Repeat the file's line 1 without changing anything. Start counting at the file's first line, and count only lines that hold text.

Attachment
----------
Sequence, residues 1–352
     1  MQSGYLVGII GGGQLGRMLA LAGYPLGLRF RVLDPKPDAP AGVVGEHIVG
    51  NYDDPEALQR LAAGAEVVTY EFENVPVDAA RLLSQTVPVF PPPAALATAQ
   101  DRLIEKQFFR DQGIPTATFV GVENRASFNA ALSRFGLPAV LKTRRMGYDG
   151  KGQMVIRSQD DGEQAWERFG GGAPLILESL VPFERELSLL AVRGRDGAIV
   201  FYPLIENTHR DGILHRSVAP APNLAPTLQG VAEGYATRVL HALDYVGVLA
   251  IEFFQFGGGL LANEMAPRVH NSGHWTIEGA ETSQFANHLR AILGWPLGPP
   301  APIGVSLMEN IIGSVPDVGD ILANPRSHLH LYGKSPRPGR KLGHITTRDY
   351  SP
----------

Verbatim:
Sequence, residues 1–352